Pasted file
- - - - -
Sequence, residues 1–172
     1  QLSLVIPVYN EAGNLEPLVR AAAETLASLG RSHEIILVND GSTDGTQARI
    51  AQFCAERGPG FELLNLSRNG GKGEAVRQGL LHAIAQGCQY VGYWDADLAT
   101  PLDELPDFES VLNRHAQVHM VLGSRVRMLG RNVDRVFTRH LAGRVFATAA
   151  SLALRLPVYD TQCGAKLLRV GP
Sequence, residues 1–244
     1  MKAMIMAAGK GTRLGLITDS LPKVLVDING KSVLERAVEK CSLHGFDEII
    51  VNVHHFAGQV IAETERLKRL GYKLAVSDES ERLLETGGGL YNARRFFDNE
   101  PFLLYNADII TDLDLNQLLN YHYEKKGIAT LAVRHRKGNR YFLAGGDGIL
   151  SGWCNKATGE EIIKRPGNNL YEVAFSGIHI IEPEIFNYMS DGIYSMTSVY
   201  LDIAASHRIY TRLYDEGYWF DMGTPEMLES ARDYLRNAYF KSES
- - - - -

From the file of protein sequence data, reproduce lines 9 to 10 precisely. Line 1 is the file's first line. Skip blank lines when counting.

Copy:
   101  PFLLYNADII TDLDLNQLLN YHYEKKGIAT LAVRHRKGNR YFLAGGDGIL
   151  SGWCNKATGE EIIKRPGNNL YEVAFSGIHI IEPEIFNYMS DGIYSMTSVY